Minneapolis has gone the extra mile to make it safe and easy for bicyclists to ride. Over the past several years, the city has dedicated nearly 200 miles of street lanes and off-road trails exclusively for those on two wheels, and more are on the way.
The city’s continuing commitment to improve infrastructure and safety has earned it the designation as the No. 2 biking city in America and gold level status from the League of American Bicyclists for its efforts to integrate bicycles into the community.
“The increase in bike transportation is wonderful,” said reader Peter Benzoni, who called in after my column two weeks ago about Twin Cities Bike Week and the benefits of biking.
But what about the bicyclists who don’t follow the rules of the road, he asked? “It’s dangerous,” he said. And he’s right.
Bicyclists are required to follow the same laws that apply to motor vehicles, and a vast majority of them do, says Ethan Fawley, executive director of the Minneapolis Bike Coalition. But when they don’t, conflict between motorists and bicyclists surfaces.
“The DNA of a bicyclist is no different from that of a motorist. Some who ride will do things that are unlawful,” said Steve Clark of the League of American Bicyclists, a Washington, D.C.-based organization that promotes safety. “I don’t want what someone else is doing to affect how people view me. I know that happens, but stereotypes don’t do us any good at all.”
Minneapolis sees 250 to 300 car vs. bike crashes every year, and about one-third are attributed to renegade bicyclists. The top three offenses: running stop signs, blowing red lights or traveling the wrong way in traffic. Others problems come from those who ride on sidewalks, fail to signal or make unpredictable movements.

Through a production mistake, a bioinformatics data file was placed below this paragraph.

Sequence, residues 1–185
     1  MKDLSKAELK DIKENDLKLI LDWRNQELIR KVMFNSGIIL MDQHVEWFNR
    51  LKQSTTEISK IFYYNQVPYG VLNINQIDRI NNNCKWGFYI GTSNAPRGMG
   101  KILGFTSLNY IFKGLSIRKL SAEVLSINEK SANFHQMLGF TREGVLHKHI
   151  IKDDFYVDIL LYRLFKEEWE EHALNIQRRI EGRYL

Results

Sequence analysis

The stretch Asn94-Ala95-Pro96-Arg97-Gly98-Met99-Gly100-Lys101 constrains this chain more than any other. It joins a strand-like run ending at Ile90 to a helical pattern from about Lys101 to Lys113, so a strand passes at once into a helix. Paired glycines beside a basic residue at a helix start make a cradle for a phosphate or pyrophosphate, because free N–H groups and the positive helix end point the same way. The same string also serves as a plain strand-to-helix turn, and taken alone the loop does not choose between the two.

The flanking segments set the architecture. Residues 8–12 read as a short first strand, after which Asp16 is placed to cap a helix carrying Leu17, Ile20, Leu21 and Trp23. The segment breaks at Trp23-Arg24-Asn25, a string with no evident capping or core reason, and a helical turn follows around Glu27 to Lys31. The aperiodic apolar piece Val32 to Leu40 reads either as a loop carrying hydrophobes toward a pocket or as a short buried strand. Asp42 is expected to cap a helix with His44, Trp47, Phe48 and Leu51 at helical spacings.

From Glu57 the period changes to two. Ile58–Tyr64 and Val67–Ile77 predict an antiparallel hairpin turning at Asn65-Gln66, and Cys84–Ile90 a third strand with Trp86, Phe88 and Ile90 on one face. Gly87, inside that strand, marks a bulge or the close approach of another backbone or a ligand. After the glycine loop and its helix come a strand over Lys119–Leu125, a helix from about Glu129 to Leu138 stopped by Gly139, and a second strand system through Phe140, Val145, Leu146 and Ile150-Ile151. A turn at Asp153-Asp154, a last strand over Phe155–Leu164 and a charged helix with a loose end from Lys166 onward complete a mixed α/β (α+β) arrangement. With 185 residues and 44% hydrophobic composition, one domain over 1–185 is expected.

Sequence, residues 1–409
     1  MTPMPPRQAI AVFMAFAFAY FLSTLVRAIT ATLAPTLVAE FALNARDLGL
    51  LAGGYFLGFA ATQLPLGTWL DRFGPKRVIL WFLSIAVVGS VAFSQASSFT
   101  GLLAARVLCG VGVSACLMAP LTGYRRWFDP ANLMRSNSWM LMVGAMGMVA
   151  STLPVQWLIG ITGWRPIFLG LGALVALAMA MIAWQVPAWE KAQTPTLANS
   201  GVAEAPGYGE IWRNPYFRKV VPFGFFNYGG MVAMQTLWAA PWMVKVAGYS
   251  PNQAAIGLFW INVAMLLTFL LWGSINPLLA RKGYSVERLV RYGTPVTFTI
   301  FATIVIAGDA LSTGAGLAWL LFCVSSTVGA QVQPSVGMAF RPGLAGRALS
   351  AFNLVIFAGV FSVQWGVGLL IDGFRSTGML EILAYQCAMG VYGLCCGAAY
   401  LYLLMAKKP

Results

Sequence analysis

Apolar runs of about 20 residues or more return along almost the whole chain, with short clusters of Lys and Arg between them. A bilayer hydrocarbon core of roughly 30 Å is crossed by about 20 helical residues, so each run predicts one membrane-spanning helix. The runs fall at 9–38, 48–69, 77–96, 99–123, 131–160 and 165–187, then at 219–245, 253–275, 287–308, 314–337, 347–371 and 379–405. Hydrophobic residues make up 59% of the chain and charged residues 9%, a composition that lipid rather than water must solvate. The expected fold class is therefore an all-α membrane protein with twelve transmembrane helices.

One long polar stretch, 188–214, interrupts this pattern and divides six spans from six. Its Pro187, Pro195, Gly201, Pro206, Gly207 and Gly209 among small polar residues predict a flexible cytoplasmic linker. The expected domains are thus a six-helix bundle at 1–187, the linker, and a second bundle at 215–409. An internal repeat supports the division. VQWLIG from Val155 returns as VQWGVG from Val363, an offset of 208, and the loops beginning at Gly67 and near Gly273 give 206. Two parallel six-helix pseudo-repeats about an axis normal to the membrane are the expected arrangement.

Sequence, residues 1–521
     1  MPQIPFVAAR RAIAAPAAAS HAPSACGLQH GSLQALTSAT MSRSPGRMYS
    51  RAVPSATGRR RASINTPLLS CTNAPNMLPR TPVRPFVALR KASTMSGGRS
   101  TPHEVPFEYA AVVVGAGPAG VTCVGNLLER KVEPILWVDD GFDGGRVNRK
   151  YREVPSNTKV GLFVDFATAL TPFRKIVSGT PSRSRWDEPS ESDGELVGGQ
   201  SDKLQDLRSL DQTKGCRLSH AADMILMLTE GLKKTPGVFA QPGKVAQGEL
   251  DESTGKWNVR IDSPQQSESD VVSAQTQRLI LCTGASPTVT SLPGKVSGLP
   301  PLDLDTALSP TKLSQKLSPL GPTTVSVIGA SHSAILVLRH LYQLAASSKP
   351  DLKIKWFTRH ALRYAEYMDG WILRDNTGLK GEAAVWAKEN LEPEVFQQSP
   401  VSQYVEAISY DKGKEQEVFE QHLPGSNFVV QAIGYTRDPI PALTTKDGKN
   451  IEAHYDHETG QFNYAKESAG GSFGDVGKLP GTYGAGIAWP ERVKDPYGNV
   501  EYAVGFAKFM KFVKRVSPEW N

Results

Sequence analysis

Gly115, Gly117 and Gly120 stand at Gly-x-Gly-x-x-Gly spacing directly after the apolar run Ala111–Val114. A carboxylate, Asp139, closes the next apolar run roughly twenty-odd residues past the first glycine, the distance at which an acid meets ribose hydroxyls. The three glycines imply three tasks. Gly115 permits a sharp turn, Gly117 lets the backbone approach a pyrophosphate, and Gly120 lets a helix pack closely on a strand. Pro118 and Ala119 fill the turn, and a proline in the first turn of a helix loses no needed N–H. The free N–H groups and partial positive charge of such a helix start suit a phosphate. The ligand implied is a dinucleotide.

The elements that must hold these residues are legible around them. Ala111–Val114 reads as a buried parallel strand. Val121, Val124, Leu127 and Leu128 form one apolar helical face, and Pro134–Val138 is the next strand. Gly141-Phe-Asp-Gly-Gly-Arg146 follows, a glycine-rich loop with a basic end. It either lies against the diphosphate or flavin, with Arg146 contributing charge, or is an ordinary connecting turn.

But before motorists point the finger at scofflaw bicyclists, they need to consider their own behaviors. More than 40 percent of car-bike crashes in Minneapolis are attributed to drivers who fail to yield to bicyclists when required, pass a bicyclist without giving a 3-foot clearance or fail to use care to avoid a collision.
Recognizing that tension between motorists and bicyclists exists, both parties have to work together to resolve it. This summer, Minneapolis officials and police will be distributing several thousand bicycle law education cards to motorists and bicyclists alike at citywide events, to promote safety and to highlight laws that are commonly broken by both sides.
“We know we have to talk to both groups,” said Simon Blenski, a bicycle planner with the city of Minneapolis. “The big thing is that both bicyclists and drivers are equally responsible. It’s not just one side or the other.”
The bottom line is that both drivers and bicyclists are trying to get where they need to go. More than 8,300 bicyclists commute in Minneapolis, according to recent numbers from the U.S. Census Bureau. With that many bicyclists on the roads, it is incumbent on both bicyclists and motorists to learn how to share the road and respect one another.
For bicyclists, that means riding in places where they can be visible and not making movements that confuse motorists. For drivers, that means yielding to bicycles as they would to any other vehicles, and using caution around bikes.
“We all can do better as road users,” Clark said.
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